The Maritime Labour Convention, 2006 (MLC) has been in force for some time now, and one area at which captains are raising their eyebrows is that of accommodation requirements. In Title 3, regulation 3.1.9 states that “a separate berth for each seafarer shall in all circumstances be provided.” And though the provisions of the Passenger Yacht Code (PYC) and Large Yacht Code (LY3) allow the build of double or higher-occupancy cabins, this does little for yachts whose delivery is far behind them. With ‘hot bunking’ and sleeping on office sofas no longer allowed, today’s captains appear to be struggling when it comes to the number of crew on board providing the service expected to owners.

A crew cabin on board Vicem 46

“I’d like to have one more deckhand but I can’t, and I can’t only because I don’t have any accommodation. But one more deckhand would be perfect for the boat,” says Captain Olivier Gamberini of 47m sailing yacht Roxane, who currently has a crew of seven.

For Captain Scott Kynoch, 49m motoryacht Zoom Zoom Zoom needs another crewmember to join the yacht’s crew of nine. “It would be nice, and everybody always says it, to have one extra person, that extra body, but we’ve got nowhere to put them,” he says.

Captain Nick James of 37m motoryacht Dyna-R has a crew of seven but with a busy charter schedule is finding it difficult to balance service within the confines of the MLC’s hours of work and rest requirements, when just a few pairs of extra hands would solve the problem. “We need another girl,” he explains. “The volume for this size of boat is huge. The girls, they work in the summer, they’re like the unsung heroes; they work their socks off. It’s a huge interior to keep clean and do the service. We need another but with the MLC we can’t.

“I started in this industry on a big Perini Navi and in a season most boats used to take on another person for two or three months to fulfill that need of everyone being flat out, and they’d sleep on. Some boats have an office, they’d sleep in the office, they’d sleep in the crew mess, they’d do the hot bunk thing, and now it’s not possible. We can’t do that anymore.”

"It’s a double edged sword. Their rights are protected, they’ve all got that, but they have to work even harder."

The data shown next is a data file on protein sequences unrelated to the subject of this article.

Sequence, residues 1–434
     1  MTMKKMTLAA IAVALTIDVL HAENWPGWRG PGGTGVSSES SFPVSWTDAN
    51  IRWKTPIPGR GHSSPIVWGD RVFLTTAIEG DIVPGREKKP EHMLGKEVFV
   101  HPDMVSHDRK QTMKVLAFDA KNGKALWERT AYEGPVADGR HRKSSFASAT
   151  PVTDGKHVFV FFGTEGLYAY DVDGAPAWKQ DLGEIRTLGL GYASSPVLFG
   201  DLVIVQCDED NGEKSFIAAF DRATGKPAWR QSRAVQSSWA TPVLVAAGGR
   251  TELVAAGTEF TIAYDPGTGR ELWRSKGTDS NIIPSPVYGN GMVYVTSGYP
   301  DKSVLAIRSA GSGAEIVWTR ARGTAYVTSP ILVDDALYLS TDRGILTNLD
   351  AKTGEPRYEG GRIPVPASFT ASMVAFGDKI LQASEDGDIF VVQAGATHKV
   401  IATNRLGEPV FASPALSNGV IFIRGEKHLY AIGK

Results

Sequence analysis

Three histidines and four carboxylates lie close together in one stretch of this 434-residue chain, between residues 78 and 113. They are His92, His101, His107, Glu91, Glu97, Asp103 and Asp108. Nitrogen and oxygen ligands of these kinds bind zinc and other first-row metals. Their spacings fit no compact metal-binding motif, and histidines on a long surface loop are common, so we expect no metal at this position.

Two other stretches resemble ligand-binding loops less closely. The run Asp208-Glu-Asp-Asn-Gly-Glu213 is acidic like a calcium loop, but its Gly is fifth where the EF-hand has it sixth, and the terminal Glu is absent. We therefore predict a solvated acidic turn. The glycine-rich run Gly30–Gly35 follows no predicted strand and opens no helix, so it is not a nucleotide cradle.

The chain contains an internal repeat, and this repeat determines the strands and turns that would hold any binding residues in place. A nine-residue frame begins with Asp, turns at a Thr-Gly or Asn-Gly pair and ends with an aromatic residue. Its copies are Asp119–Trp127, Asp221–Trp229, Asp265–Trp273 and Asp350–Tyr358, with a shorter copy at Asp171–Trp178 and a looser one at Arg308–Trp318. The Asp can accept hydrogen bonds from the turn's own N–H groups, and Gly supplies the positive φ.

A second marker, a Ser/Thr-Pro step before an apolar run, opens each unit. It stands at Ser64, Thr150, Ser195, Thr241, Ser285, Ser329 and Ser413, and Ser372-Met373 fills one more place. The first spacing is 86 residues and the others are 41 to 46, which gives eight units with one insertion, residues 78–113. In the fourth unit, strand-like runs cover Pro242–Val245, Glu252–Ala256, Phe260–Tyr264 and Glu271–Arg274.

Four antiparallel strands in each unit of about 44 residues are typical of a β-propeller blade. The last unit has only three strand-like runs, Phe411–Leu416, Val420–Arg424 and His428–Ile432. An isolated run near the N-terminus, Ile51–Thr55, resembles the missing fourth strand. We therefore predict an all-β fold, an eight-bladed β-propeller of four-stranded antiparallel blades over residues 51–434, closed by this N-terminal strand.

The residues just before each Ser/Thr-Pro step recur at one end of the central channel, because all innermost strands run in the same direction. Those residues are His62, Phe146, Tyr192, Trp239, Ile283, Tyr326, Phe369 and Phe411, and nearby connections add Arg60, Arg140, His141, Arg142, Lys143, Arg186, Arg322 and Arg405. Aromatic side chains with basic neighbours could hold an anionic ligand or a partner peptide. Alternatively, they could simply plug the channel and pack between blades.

Captain James points out that while the MLC is in place for the crew’s own protection, the result is that they’re just as, or even more, exhausted than before. “It’s a double edged sword. Their rights are protected, they’ve all got that, but they have to work even harder. Now the boats are getting bigger with smaller crew accommodation and smaller crew numbers, everybody’s got to work really hard and got to fulfill the hours of rest regulations but without the flexibility of getting extra people in to fill those really busy times.”

The Crew Report put the issue to maritime union Nautilus International, whose Antibes representative Jorg Wendt responded as follows: “At the end of the day it is all a question of realistic manning. The PYC minimum number is nine and this number does not include service personnel. From practice I know that crew very often occupy double roles on board. I think we can agree  that safe ships require realistic manning but someone must tell the operators and owners the sad truth: crew need to sleep from time to time in their own berths.”

While the benefits of the regulations are clear, those yachts built prior to the MLC’s ratification are evidently finding the implementation of this particular aspect of the Convention problematic. The Crew Report would be very interested to hear from captains who are finding the same issues on board and the industry’s suggestions for a solution; please comment below.